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2006 Colorado Amendment 44

From Wikipedia, the free encyclopedia

Amendment 44
An Amendment to Section 18-18-406 (1) of the Colorado Revised Statutes Making Legal the Possession of One Ounce or Less of Marijuana For Any Person Twenty-one Years of Age or Older
Response Votes %
Yes 636,938 41.08%
No 913,411 58.92%
Amendment failed[1]

Amendment 44 was a proposed amendment to the state statutes submitted for referendum in the 2006 general elections in the U.S. state of Colorado. The amendment proposed the legalization of the possession of one ounce or less of marijuana for any person twenty-one years of age and over, as long as marijuana use does not occur in public. The measure was eventually defeated at the polls by 60–40 percent.[2]


Amendment 44 was placed on the ballot in August, after the group Safer Alternative For Enjoyable Recreation (SAFER) obtained over 129,000 petition signatures through a largely grassroots organization. Only 68,000 were required by the Secretary of State.

Existing Colorado law classifies possession of one ounce or less of marijuana as a Class 2 petty offense punishable by a fine of $100. If passed, Amendment 44 would decriminalize possession of one ounce or less by adults 21 years of age and over by removing any fine or penalty; although, it would have no effect on the cultivation, transfer, or sale of marijuana.

Controversy over Colorado Blue Book

One issue under contention is how the amendment might be interpreted with regard to transferral of marijuana to minors over 15 years of age. The "Blue Book" voter information pamphlet, a comprehensive guide to ballot measures distributed to voters, states "transferring up to one ounce of marijuana to another individual 15 years of age or older as long as there is no compensation" would be decriminalized under Amendment 44.[3] Others, including the amendment's supporters, claim this interpretation is false, and such transferral to minors would continue to be illegal, as it falls under the category of contributing to the delinquency of a minor, a felony offense under existing law.[4][5]



Groups in favor of Amendment 44 include Sensible Colorado, a group favoring the legalization, regulation, and taxation of marijuana much in the same manner as alcohol.,[6] the state Libertarian Party,[7] and the US Marijuana Party, among others.

Supporters argue that the War on Drugs has failed, resulting in the empowerment of organized crime, and that a new more effective policy is needed. It is argued that legalizing small amounts of marijuana would free law enforcement resources to deal with more serious offenses. Some supporters also consider marijuana to be less harmful then other types of illegal narcotics, alcoholic beverages or tobacco use.[8]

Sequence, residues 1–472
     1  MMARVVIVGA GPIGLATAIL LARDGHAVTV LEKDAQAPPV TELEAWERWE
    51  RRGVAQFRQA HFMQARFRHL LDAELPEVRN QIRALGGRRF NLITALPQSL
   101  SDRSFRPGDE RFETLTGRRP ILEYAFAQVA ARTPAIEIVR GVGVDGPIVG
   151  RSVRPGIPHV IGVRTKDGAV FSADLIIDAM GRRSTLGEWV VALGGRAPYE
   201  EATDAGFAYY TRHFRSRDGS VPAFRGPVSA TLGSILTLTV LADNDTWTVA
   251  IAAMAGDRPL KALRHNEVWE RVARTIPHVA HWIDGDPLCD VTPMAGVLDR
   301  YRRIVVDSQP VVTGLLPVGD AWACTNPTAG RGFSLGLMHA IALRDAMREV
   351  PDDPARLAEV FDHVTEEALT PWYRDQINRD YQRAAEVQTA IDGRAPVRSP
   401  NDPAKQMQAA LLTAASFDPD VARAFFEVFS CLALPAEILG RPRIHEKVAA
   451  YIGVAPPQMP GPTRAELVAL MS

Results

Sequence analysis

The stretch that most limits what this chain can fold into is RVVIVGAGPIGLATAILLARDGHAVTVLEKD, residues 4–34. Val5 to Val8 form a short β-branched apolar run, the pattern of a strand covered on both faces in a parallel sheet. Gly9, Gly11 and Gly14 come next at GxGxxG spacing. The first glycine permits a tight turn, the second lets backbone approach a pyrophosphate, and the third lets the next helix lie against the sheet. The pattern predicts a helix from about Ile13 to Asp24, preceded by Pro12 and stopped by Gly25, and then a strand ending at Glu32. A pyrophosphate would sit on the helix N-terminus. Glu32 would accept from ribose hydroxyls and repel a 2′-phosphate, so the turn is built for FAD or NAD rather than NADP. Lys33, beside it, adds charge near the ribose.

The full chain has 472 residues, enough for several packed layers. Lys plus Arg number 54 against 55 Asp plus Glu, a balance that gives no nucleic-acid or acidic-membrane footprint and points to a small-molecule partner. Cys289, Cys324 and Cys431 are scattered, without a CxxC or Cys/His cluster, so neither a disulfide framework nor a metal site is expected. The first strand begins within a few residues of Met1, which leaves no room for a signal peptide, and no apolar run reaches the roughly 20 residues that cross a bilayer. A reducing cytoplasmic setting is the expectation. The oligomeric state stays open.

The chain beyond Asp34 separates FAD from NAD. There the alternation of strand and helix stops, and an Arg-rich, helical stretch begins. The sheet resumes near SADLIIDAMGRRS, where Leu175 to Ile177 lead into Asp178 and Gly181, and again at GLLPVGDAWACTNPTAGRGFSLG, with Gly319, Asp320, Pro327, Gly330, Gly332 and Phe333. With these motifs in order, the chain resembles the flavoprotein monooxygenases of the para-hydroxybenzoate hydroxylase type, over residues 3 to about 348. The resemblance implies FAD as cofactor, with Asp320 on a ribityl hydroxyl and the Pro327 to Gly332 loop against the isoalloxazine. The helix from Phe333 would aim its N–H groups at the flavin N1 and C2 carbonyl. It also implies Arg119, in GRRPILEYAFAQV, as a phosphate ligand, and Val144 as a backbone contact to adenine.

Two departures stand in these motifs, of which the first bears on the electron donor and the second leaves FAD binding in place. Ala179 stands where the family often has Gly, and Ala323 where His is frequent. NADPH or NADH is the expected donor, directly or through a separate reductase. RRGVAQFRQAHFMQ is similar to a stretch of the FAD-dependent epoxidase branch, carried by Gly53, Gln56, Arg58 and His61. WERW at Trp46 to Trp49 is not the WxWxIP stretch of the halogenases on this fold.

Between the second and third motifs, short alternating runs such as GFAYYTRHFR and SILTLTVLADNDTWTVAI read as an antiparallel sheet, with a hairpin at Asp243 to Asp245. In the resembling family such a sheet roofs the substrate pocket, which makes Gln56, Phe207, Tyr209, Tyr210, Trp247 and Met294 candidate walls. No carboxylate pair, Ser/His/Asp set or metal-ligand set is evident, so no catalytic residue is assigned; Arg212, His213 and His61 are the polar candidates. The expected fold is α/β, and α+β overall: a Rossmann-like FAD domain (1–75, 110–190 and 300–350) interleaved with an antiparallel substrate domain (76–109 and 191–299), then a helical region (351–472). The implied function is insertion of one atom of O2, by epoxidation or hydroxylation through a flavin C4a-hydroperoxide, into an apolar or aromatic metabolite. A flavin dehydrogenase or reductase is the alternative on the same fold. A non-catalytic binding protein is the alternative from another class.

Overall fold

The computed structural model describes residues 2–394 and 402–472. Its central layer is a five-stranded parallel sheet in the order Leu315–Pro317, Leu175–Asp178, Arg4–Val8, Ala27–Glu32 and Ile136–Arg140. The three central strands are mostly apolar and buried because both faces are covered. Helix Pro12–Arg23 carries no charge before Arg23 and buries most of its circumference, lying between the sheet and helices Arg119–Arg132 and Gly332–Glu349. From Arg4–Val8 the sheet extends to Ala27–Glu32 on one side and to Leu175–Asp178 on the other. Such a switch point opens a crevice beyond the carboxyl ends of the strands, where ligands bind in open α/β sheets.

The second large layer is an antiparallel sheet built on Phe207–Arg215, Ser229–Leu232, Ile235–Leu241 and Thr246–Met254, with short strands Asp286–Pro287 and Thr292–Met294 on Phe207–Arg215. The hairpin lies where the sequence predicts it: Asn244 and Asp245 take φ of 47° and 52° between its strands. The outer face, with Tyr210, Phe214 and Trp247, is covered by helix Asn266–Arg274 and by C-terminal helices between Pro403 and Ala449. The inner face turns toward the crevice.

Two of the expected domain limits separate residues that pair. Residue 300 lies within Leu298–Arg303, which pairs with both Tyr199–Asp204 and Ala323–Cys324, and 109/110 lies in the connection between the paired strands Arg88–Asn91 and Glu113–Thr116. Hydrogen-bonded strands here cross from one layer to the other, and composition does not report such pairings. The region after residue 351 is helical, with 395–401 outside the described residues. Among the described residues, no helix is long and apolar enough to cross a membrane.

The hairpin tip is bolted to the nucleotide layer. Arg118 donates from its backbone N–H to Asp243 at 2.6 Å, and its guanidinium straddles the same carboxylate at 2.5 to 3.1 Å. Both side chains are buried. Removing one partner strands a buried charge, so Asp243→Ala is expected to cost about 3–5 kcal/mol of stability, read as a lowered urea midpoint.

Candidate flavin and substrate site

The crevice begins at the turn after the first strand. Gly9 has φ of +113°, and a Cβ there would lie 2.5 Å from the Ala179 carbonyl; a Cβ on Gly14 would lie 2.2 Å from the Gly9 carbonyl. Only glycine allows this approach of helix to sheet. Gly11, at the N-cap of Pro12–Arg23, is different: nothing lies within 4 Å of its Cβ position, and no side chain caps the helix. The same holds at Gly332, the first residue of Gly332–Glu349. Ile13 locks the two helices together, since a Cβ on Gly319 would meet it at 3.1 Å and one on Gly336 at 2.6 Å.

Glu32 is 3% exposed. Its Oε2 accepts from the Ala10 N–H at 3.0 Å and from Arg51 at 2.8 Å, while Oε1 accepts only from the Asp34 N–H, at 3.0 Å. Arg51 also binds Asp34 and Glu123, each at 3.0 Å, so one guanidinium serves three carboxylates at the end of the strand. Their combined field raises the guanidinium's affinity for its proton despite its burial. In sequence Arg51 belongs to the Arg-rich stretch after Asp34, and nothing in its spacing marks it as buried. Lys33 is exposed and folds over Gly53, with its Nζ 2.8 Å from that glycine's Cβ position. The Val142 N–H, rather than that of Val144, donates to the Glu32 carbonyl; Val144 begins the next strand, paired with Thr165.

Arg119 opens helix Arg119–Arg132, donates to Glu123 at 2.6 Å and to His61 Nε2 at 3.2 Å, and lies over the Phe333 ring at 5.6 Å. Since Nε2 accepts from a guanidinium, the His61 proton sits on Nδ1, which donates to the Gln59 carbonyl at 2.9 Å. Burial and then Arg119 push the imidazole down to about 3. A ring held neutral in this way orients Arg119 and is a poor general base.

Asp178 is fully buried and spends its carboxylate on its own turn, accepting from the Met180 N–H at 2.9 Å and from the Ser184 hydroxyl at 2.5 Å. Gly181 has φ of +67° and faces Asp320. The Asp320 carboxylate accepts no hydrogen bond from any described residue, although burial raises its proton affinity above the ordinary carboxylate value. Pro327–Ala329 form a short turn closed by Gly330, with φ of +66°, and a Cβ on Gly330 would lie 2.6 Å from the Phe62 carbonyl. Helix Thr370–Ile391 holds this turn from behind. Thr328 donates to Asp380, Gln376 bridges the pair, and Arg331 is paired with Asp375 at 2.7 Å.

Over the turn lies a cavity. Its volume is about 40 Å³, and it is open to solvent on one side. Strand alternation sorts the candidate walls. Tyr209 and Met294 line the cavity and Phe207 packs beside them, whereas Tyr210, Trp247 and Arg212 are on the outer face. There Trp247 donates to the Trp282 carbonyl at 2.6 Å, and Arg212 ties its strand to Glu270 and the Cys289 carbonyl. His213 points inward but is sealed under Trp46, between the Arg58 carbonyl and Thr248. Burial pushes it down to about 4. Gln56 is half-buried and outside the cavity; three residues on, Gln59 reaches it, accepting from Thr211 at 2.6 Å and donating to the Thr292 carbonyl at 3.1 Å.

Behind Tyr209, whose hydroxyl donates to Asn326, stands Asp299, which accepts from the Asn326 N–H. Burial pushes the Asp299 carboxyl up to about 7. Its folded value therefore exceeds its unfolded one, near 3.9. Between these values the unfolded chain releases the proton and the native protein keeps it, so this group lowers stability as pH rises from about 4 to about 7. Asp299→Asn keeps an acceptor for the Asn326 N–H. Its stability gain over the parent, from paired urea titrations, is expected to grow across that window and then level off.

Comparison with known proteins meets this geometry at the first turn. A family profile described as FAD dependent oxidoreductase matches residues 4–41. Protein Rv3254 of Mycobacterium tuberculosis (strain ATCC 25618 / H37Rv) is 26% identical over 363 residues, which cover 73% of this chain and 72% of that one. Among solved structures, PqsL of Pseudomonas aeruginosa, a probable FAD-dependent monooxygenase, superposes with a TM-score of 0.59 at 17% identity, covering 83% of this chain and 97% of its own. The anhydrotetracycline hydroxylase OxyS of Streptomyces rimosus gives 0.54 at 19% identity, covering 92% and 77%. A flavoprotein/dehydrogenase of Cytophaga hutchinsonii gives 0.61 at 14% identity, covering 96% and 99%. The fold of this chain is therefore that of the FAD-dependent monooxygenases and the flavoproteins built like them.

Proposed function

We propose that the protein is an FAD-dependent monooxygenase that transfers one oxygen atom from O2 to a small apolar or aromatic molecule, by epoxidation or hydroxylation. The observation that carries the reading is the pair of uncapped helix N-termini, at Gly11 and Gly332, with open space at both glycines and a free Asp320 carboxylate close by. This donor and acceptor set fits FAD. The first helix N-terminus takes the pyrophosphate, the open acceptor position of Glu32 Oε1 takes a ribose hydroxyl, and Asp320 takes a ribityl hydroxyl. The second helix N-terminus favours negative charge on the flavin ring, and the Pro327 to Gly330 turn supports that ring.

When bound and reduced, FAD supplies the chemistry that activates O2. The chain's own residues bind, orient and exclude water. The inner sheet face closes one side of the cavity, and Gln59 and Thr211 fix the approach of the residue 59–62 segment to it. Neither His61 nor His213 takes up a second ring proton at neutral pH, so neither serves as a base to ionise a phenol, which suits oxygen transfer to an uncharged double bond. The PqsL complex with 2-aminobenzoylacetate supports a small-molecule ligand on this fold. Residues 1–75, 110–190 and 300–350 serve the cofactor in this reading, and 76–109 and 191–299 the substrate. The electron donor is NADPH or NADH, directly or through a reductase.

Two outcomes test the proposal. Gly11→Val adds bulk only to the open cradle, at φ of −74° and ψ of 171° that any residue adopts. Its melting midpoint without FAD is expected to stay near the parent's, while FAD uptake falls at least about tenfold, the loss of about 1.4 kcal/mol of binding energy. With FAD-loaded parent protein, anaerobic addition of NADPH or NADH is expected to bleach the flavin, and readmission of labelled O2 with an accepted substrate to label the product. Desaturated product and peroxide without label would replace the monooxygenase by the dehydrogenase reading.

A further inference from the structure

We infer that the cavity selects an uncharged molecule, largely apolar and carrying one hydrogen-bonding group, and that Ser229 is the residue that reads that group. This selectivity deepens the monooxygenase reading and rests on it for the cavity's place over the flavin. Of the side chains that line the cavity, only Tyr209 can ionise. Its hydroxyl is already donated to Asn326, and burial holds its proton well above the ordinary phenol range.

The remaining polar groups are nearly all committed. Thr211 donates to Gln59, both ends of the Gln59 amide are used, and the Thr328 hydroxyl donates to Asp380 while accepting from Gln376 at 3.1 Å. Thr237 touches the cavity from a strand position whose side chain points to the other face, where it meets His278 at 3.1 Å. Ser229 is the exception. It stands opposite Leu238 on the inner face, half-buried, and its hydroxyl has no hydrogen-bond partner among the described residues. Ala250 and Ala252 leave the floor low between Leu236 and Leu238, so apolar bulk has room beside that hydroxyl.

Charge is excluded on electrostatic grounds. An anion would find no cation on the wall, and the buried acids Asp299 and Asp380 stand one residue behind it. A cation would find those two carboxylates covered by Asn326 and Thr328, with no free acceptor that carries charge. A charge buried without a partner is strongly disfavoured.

Groups opposing Amendment 44 include Guarding Our Children Against Marijuana (GOCAM), Drug Watch Colorado, and Students Against Marijuana, among others.[8]

Opponents argue that marijuana serves as a gateway drug to other types of illegal narcotics, and that legalization of marijuana would increase other types of drug use and make the state a magnet for addicts; however, there is no evidence marijuana is a gateway drug.[9][10][11][12] It is argued that as with alcohol, sobriety is the only safe alternative, and existing drug laws should be enforced. Opponents also state that the costs of enforcement are minimal compared to the costs of drug addiction and treatment, as well as the fact that legalization at the state level would not affect federal laws and international treaties concerning marijuana.[8]

Some employees of the Drug Enforcement Administration were reported to have been financing opposition to Amendment 44, a move which generated significant controversy.[13]

See also


  1. ^ Colorado 2006 > Ballot Measures > Amendment 44: Legalize Marijuana from
  2. ^ "Ballot Measures: Colorado Amendment 44". CNN. Retrieved March 20, 2007.
  3. ^ "Analysis of the 2006 Ballot proposals" (PDF). Colorado Legislative Council. Archived from the original (PDF) on February 6, 2007. Retrieved March 23, 2007.
  4. ^ "Ambushing the pot initiative". Rocky Mountain News. Archived from the original on October 17, 2006. Retrieved October 5, 2006.
  5. ^ "Up in Smoke?". Fort Collins Weekly.
  6. ^ "Colorado Marijuana Initiative". Sensible Colorado. Archived from the original on February 5, 2005. Retrieved September 7, 2006.
  7. ^ "Ending the game of Marijuana prohibition in Colorado" (PDF). Sensible Colorado. Libertarian Party of Colorado. Archived from the original (PDF) on September 6, 2006. Retrieved September 7, 2006.
  8. ^ a b c "Amendment 44 Marijuana Possession" (PDF). Colorado Ballot Analysis, Final Draft. Colorado General Assembly. Retrieved September 7, 2006.
  9. ^ "Evaluating alternative cannabis regimes" (PDF). British Journal of Psychiatry. 2001. Retrieved March 31, 2007.
  10. ^ Jennifer McNulty (May 3, 2004). "Dutch drug policies do not increase marijuana use, first rigorous comparative study finds". UC Santa Cruz Currants. Archived from the original on March 11, 2007. Retrieved March 20, 2007.
  11. ^ Reinarman C, Cohen PD, Kaal HL (2004). "The Limited Relevance of Drug Policy: Cannabis in Amsterdam and in San Francisco". American Journal of Public Health. 94 (5): 836–42. doi:10.2105/ajph.94.5.836. PMC 1448346. PMID 15117709.CS1 maint: multiple names: authors list (link)
  12. ^ "Marijuana and Medicine: Assessing the Science Base". National Academies Press. 1999. Retrieved March 30, 2007.
  13. ^ "DEA should keep out of state politics". Rocky Mountain News. August 3, 2006. Archived from the original on September 1, 2006. Retrieved September 7, 2006.
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